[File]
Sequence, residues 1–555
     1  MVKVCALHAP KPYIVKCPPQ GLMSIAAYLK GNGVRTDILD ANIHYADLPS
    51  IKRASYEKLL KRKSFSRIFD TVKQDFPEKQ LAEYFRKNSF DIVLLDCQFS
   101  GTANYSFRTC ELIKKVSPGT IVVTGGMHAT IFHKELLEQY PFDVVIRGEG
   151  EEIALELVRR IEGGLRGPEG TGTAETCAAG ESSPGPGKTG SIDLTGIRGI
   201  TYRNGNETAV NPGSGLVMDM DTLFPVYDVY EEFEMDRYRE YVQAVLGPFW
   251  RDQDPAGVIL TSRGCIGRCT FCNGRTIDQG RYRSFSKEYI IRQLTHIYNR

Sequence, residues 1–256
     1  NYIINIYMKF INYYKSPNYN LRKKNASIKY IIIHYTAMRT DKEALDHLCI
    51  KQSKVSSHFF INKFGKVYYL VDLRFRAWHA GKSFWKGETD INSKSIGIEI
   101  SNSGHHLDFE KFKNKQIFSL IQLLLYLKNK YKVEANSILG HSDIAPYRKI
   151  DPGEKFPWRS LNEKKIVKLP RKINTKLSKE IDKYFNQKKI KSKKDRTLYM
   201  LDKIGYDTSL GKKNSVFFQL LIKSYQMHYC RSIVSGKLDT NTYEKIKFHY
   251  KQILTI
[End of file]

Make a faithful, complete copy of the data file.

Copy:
Sequence, residues 1–555
     1  MVKVCALHAP KPYIVKCPPQ GLMSIAAYLK GNGVRTDILD ANIHYADLPS
    51  IKRASYEKLL KRKSFSRIFD TVKQDFPEKQ LAEYFRKNSF DIVLLDCQFS
   101  GTANYSFRTC ELIKKVSPGT IVVTGGMHAT IFHKELLEQY PFDVVIRGEG
   151  EEIALELVRR IEGGLRGPEG TGTAETCAAG ESSPGPGKTG SIDLTGIRGI
   201  TYRNGNETAV NPGSGLVMDM DTLFPVYDVY EEFEMDRYRE YVQAVLGPFW
   251  RDQDPAGVIL TSRGCIGRCT FCNGRTIDQG RYRSFSKEYI IRQLTHIYNR

Sequence, residues 1–256
     1  NYIINIYMKF INYYKSPNYN LRKKNASIKY IIIHYTAMRT DKEALDHLCI
    51  KQSKVSSHFF INKFGKVYYL VDLRFRAWHA GKSFWKGETD INSKSIGIEI
   101  SNSGHHLDFE KFKNKQIFSL IQLLLYLKNK YKVEANSILG HSDIAPYRKI
   151  DPGEKFPWRS LNEKKIVKLP RKINTKLSKE IDKYFNQKKI KSKKDRTLYM
   201  LDKIGYDTSL GKKNSVFFQL LIKSYQMHYC RSIVSGKLDT NTYEKIKFHY
   251  KQILTI